בס"ד ז' סיון התשע"ח

Parashat Matot

פרשת מטות – Parashat Matot


הַאַחֵיכֶם יָבֹאוּ לַמִּלְחָמָה וְאַתֶּם תֵּשְׁבוּ פֹה- Shall your brothers go to war, and shall you sit here?

Rabbi Yehiel Wasserman


The call for military service equality was first heard more than 3,000 years ago, and originated in our nation's leader, Moshe Rabeinu: הַאַחֵיכֶם יָבֹאוּ לַמִּלְחָמָה וְאַתֶּם תֵּשְׁבוּ פֹה- Shall your brothers go to war, and shall you sit here?

The background, as well as the story itself, is told in the Sedra of Matot, which we will be reading this Shabbat. The tribes of Reuven, Gad and half of Menashe had a lot of cattle and managed to accumulate wealth quickly and in great quantities. When they approach the River Jordan, they see that the area is good for cattle and ask Moshe to refrain from crossing the river together with the rest of the Bnei Israel, on their way to the Promised Land, and instead to remain on the other side of it. A dialogue then emerges between these tribes and Moshe, during which the great prophet reprimands them and says: הַאַחֵיכֶם יָבֹאוּ לַמִּלְחָמָה וְאַתֶּם תֵּשְׁבוּ פֹה- Shall your brothers go to war, and shall you sit here?

In response, the tribes both have a request and make a promise. They ask to have fences built for their cattle and cities for their children, and they promise וַאֲנַחְנוּ נֵחָלֵץ חֻשִׁים לִפְנֵי בְּנֵי יִשְׂרָאֵל- but we ourselves will go ready armed before the Bnei Israel: we will take part in the campaign to conquer the land. They understood that the act of refraining from contributing to the war efforts and sharing the burden is both immoral and unfair, "Jewishly" speaking.

One of Judaism's key principles is mutual responsibility: Kol Yisrael Areivim Ze Laze – we are all responsible for one another. Their request to remain east of the River Jordan constitutes not sharing the burden of equality and running away from responsibility. The tribes cared only for themselves, for their own needs, they saw no one but themselves. Moreover, they only looked after their materialistic interests, their money. Their top priority was to accumulate wealth and possessions, and become wealthier. Even their own children's education was negligent, as can be seen from the request presented to Moshe: גִּדְרֹת צֹאן נִבְנֶה לְמִקְנֵנוּ פֹּה וְעָרִים לְטַפֵּנוּ- we will build sheepfolds here for our cattle, and cities for our little ones. They were more concerned with their cattle than with their children's education.

They approached Moshe with their request very politely and respectably: אִם מָצָאנוּ חֵן בְּעֵינֶיךָIf it be your will, however, Moshe's response to their request is very harsh. He did not fear that their absence would jeopardize the war efforts, since Hashem had promised they would conquer the land utterly and completely, regardless of the number of troops taking part in the battle. Rather, Moshe feared the moral ramification of an unequal sharing of the burden. It is a reflection of a certain culture – תַּרְבּוּת אֲנָשִׁים חַטָּאִיםa culture of sinful men. This culture focuses on taking care of the individual's needs, of man seeing no one but himself and ignoring the general public. It contradicts one of the most basic Jewish principles – mutual responsibility.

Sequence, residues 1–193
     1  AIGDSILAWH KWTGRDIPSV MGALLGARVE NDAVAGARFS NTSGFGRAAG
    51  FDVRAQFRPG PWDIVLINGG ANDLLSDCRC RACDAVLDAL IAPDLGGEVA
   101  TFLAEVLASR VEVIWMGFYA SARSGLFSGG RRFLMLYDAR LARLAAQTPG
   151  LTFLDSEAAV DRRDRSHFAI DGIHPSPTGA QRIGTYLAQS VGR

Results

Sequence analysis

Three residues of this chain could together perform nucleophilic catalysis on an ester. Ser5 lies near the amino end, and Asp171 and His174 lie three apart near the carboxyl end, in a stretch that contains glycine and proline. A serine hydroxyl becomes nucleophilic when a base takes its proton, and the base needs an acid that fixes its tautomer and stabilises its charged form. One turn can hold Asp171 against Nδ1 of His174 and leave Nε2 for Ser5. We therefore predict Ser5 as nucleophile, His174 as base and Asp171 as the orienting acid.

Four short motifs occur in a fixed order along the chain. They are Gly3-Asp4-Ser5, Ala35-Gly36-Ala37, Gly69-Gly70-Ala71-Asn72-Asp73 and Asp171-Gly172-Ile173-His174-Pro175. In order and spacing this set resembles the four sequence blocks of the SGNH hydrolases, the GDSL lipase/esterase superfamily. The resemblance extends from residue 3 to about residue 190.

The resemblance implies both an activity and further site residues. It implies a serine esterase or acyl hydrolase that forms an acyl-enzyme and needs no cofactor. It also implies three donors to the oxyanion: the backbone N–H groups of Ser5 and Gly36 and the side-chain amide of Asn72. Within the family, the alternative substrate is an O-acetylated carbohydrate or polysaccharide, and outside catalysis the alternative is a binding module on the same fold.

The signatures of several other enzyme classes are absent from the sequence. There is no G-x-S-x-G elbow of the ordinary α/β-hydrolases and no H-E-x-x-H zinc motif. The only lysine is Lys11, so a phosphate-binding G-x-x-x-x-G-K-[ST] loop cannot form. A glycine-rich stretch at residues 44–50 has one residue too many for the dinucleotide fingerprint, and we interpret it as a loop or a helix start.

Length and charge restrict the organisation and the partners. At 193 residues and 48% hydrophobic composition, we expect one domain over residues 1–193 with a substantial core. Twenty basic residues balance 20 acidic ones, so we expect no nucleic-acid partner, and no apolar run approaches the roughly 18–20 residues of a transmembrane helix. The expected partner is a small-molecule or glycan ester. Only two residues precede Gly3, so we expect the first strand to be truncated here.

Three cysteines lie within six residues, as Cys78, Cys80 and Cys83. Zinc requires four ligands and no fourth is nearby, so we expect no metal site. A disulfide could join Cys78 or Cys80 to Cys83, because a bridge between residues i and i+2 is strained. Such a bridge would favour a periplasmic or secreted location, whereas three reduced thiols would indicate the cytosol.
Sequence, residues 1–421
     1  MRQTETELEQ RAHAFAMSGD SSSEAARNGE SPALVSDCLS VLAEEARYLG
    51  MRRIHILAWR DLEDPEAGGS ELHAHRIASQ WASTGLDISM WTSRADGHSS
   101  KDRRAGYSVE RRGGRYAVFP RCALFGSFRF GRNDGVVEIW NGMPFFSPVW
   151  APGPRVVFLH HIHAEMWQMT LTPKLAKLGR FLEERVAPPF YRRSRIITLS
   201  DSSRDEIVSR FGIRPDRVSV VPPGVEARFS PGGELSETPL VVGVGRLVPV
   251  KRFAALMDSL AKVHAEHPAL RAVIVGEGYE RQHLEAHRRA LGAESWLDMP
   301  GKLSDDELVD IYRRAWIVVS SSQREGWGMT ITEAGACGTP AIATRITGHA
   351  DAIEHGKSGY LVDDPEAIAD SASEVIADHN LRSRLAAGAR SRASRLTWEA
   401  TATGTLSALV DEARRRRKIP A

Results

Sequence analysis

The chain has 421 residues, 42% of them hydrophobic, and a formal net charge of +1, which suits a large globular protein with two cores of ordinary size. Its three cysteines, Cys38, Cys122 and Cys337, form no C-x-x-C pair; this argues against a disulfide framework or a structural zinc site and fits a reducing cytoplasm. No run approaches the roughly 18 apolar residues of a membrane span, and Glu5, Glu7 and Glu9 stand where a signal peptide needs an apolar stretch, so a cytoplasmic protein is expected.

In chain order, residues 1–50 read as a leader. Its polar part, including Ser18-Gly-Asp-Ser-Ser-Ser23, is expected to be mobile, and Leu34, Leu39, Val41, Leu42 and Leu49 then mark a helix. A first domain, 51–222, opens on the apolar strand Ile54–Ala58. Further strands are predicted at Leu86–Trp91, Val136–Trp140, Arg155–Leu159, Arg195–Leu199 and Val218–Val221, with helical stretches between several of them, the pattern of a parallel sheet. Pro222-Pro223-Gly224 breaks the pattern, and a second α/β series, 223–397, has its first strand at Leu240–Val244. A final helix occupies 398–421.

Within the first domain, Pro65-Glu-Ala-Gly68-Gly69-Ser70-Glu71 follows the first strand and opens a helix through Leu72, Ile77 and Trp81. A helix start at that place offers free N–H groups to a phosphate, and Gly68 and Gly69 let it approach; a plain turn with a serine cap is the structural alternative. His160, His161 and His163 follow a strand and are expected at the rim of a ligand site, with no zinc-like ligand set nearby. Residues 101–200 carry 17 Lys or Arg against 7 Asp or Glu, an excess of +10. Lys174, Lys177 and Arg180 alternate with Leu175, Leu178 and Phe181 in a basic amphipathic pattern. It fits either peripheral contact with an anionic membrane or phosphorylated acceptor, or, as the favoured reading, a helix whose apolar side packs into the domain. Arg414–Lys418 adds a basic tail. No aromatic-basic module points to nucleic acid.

One of the most basic principles of any society, especially under a democratic regime, is equality. Under Israel's geopolitical and security constraints, inequality is not only anti-moral and shows a lack of mutual responsibility, but also creates a situation whereby one carries the burden more than the other. Therefore the call and demand for equal sharing of the burden is extremely justified.

On a more personal note, more than 40 years ago I had the honor of being one of the first to attend Yeshivat Hesder Yeshivat Hakotel in the Old City of Jerusalem. Yeshivot Hesder had only just begun to emerge, and Yeshivat Hakotel was the third one established. The network now has dozens of Yeshivot Hesder and pre-military programs, sending thousands to the army each recruiting round. They prove de facto that סִפְרָא וְסַייפָא יָרְדוּ כרוּכִים מִן הַֹשָּמַיִםthe book and the sword came down from heaven intertwined, supporting the words of King David:

הַמְלַמֵּד יָדַי לַקְרָב אֶצְבְּעוֹתַי לַמִּלְחָמָה - who teaches my hands to war and my fingers to fight. I had the honor and privilege of being part of a tank team in the armored corps, and, among other battles, fought in the Yom Kippur War, and was severely injured.

Let me underscore that the Torah is the highest of values for the Jewish People, it is the foundation of our very existence and the origin of all authority, and all agree that a limited number of Yeshiva learners should be allowed to devote themselves to Torah study and be a "Torah elite unit". But the rest must do their share and take part in the efforts to restore security. They must echo the words of Moshe Rabeinu. For Israel has both moments of glory and hardships, and the security burden is unbearable. But the process is a gradual one, both on the public diplomacy front and in practice, and we must be very careful when changing the status quo that has been maintained for more than 60 years. Nothing can be achieved forcefully, and coercion is futile, for though the process and change are essential, they must be carried out through open, respectable discourse, as the Book of proverbs says: דְּרָכֶיהָ דַרְכֵי נֹעַםits ways are ways of pleasantness.


Rabbi Yehiel Wasserman is a member of the World Zionist Organization and head of its Center for Religious Affairs in the Diaspora.


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